How to Expand Your Thinking

I’m an ENTP on the Myers Briggs, a Maximizer (amongst other things) on Strengthfinder, a high D on the DISC and orange on the True Colors assessment. It seems every few years, my place of employment develops a fondness for one instrument or another designed to provide insight into our learning styles, tendencies or blind spots.


Diversity of Thought at Work

Frankly, we all know ourselves well enough that there aren’t surprises or enlightenments in the process. No revelations such as “wow, I only just realized that I’m an introvert.” What the assessments do provide however, is a clearer window into our co-workers. Done correctly, I get clarity around someone’s need for information before a decision, another’s keen ability to influence, or one person’s respect for rules and compliance. The opportunity to learn about our differences creates greater awareness about diversity of thought.

Promoting diversity of thought isn’t a new idea but in our zeal to manage diversity according to affirmative action codes, it’s one that can be overlooked – and it’s beneficial in the workplace. One study from Forbes Insights suggests that companies focused on developing this type of diversity will create a competitive advantage through higher and better innovation. Hong and Page conducted research where randomly selected teams were pitted against teams of hand-picked high performers. The result?  Randomly selecting problem-solving teams from a diverse population outperformed teams comprised of the best-performing individuals.

Diversity of Thought at Home

This isn’t just a lesson for the office but it’s a thoughtful way to approach projects and decisions in our personal lives as well. Who in your life comes at problems from a different angle than you? It’s likely not your closest friend as we tend to surround ourselves with people most like us. Next time you’re trying to figure out how to organize a community gathering or redo a room in your house or planning a kid’s birthday party, recruit ideas from others who think differently. Surround yourself with a wide range of thinking and you’ll end up with better outcomes.

This tart recipe seems perfectly fitting as an accompaniment to diversity of thought. Chanterelles from the rainy blue Northwest together with Swiss Chard from the desert Southwest – the combination comes together beautifully in a creamy no-egg nutmeg sauce that surprises us when it doesn’t have a traditional breakfast for lunch taste.

Diversity of Thought in the Kitchen

Swiss Chard Mushroom Tart 
Adapted from the rebel kitchen
serves 6


I used the pastry shell from this recipe.


  • 1 lb mushrooms, sliced into chunks
  • 1 lb swiss chard, sliced into thin ribbons tbsp butter
  • 1 tsp salt
  • 1/2 tsp cracked black pepper


  • 1 Tbsp flour
  • 1 Tbsp butter
  • 1/2 cup 1% milk
  • 1/2 tsp freshly grated nutmeg
  • Leaves from 2 sprigs of thyme
  • 2 Tbsp grated parmesan
  • salt and pepper to taste


If you are following the pastry recipe in my link, press the mixture into a tart tin and bake for about 10 minutes. Remove the tart shell and turn the oven down to 350.

In a heavy frying pan, sauté the mushrooms in the butter. Cover and allow to sweat for a minute. Add the swiss chard and stir until wilted through. Season with salt and pepper to taste.

Next, mix the butter and flour in a saucepan over medium heat to create a roux. Gradually add milk and whisk constantly. Add the nutmeg, salt and pepper, and sprinkle in the thyme leaves and Parmesan just before removing it from heat. Pour the sauce over the mushroom chard mixture and stir to coat evenly. Put the mixture into the pie crust and cook for 20 minutes. Sprinkle the top with a bit of extra parmesan as you remove it from the oven.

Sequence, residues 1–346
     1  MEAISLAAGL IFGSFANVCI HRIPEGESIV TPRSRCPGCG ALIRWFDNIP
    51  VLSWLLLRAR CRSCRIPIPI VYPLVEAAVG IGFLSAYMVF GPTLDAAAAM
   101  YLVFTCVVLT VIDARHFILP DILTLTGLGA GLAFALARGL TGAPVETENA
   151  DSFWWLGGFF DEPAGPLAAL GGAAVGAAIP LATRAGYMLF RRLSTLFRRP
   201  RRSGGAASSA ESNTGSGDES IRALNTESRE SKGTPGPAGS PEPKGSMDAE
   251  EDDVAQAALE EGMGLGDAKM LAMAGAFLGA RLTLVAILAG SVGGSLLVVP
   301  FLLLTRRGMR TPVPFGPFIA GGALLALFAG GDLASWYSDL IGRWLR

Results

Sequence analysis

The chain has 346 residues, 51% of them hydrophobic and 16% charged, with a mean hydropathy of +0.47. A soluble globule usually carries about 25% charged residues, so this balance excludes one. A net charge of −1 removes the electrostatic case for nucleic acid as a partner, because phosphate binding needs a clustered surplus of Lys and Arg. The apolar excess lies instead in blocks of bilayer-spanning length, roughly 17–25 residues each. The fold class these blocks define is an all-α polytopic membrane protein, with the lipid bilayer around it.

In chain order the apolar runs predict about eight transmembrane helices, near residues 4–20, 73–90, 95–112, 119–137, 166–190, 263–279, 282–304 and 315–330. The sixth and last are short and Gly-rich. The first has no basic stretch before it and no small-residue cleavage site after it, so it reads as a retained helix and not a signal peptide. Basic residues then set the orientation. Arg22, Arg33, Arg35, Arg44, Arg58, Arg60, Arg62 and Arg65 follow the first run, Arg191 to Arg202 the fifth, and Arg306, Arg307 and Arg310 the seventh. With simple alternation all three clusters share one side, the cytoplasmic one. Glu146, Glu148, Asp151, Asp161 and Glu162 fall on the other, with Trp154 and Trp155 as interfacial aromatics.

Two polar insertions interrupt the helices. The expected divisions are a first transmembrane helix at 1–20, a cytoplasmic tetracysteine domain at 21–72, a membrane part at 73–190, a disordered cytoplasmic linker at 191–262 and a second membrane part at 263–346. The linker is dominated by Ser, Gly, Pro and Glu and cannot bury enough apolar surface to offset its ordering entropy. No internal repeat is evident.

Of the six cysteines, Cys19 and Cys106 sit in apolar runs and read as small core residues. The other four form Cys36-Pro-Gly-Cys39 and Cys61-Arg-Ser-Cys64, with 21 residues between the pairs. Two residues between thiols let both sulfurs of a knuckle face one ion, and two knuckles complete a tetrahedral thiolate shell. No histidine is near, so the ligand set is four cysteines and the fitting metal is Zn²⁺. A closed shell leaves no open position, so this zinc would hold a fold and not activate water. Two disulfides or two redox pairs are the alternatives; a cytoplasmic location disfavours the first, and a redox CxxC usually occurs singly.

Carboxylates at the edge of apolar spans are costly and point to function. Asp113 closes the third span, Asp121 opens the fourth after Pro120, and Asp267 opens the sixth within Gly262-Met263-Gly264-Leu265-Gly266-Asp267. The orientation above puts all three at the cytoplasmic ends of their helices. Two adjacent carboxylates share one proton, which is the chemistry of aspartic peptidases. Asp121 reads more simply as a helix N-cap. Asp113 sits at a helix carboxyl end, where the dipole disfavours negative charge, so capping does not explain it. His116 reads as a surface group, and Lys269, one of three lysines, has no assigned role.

Where can you seek out opinions that are starkly different from your own in order to grow your own thinking?

Leave a comment


  1. My chard is just about ready to harvest. Alas, no chanterelles. Will try with plain ole grocery story mushrooms.

    • Those plain old grocery store variety will work fine. I also found a blue oyster mushroom at the farmer’s market. It can work. I received a lovely batch of chanterelles when our Northwest family came to visit! It seemed so fitting with the diversity topic.

  2. Good thoughts! ;->

    Virtual hugs,


  3. Idellah

     /  January 19, 2014

    Where can you seek out opinions that are starkly different from your own in order to grow your own thinking?

    Hmmm….probably at work. I find myself having markedly different perspectives about things than I observe at work. I am much more of an introvert than most of my colleagues and its given the wrong impression more than once. I realized that people tend to make up their own minds about your behavior based upon their own – quiet is seen as snotty or even creepy by some. Many are not comfortable with silence which is sometimes the best response. I’ve learned not to try to convince or persuade others that I am an ‘alright gal’ and give then the respect of coming to their own conclusions. At home, agreeing to disagree is often the best recourse!

    • One thing that I’ve found helpful over the years is to share with others what I know about myself upfront. It has to be the right setting but if you can, saying “I’m quiet. It doesn’t mean I’m not thinking but I like to withhold my opinion unless asked directly”. My deal is that I whirl 1000 miles a minute. Therefore, I have something on the brain and may not say “hello” – I let people know it’s my style straight up and then I do try to work on it. I know you have much to contribute!!

  4. This is a valid reason for teams on projects that require precise solutions. I’ve thought of you this week as I started studying again 🙂

  5. Swiss chard is a favorite . . . especially sauteed up with onion, garlic, and crushed red pepper. Here’s to finding “two heads that are better than one.”

    • Love greens cooked the very same way and mixed with everything. It’s greens season here so I can’t escape them.